Based on the Gemara (Berachot 31b), the Shulhan Aruch (O.H. 102:1-4) rules that one may not sit or pass by within four Amot (roughly 6 feet) of one who is reciting the Amida. Regarding passing by, the Elya Rabba writes that it is not permitted because such an act will distract the one who is reciting the Amida. The Haye Adam, however, says that the reason is that the Shechina-Hashem’s Presence-surrounds the one praying the Amida and walking by the Shechina would be improper. The practical difference between these two opinions involves a Halachically-valid Mehitza. A Mehitza is a partition which has implications for Shabbat, a Sukkah, etc., and measures ten Tefahim high and four Tefahim wide. (It should be noted that in the context of this Halacha, Mehitza does not refer to a partition that is used to separate men and women during prayer.) This Mehitza can be anything from a chair, to a table or the like. According to the Haye Adam, such a Mehitza will be effective to create a partition between the one praying and the Shechina, and therefore one would be able to walk by even within four Amot. According to the Eya Rabba, on the other hand, a Halachic Mehitza is not effective in preventing a passerby within four Amot from distracting the one praying and thus one would not be able to walk by. Only some sort of partition that is taller than the one praying would be satisfy both opinions. Rabbi Yaakov Hagiz (originary of Fes, who later became well known in Jerusalem in the 1600’s) in his monumental work Hilchot Ketanot, (vol. I, § 4), concurs with the Elya Rabba and says that a Halachically-valid partition is not sufficient to prevent a passerby within four Amot from distracting one who is praying.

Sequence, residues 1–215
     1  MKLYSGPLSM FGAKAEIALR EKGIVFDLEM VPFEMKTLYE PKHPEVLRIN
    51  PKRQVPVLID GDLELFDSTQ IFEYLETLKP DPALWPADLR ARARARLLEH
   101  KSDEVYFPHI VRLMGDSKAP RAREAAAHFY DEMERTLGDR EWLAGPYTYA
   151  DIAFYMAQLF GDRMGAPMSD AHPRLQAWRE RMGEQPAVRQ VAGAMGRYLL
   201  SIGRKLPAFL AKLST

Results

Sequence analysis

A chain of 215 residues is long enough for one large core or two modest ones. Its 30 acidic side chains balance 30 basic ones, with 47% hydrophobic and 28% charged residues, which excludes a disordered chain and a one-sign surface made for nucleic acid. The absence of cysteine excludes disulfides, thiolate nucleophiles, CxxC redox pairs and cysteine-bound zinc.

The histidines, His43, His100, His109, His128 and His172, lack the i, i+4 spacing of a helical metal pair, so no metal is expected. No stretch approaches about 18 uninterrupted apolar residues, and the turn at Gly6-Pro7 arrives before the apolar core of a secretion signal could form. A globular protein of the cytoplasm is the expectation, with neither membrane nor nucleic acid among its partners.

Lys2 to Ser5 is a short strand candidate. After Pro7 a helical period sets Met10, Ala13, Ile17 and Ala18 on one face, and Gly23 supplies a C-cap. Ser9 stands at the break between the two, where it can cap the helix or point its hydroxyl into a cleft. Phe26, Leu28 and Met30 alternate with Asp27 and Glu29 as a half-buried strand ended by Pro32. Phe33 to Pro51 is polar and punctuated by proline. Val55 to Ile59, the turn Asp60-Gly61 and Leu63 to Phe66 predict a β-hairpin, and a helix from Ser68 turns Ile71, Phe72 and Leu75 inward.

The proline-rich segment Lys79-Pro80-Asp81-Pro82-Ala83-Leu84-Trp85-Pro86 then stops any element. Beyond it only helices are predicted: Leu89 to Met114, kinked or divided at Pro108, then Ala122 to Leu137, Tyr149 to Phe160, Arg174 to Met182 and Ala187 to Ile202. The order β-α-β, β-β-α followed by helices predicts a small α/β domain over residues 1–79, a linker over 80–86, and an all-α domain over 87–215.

Another practical application is in a circumstance when one prays at the entrance way of a synagogue. On one hand, one is not permitted to pass by one who is in the middle of the Amida, but on the other hand, if one cannot pass, one will not be able to enter the synagogue until the person praying finishes. Rabbi Avraham Buchach (Eshel Avraham) and Rabbi Shalom Schwadron (Da’at Torah) write that a person does not have the permission to render a public passageway off-limits to other congregants by standing there for the Amida. As such, they and others, such as Rabbi Eliezer Waldenburg (Tzitz Eliezer, vol. IX, § 8) write that in such a case, it is permissible to walk within four Amot by someone who is praying so that one can get into or around the synagogue.
Although there are circumstances when one may be lenient regarding where one prays or where whom one passes by, in general one should be careful to to afford others the proper room to pray.
Summary: One may not sit or walk within four Amot by one who is reciting the Amida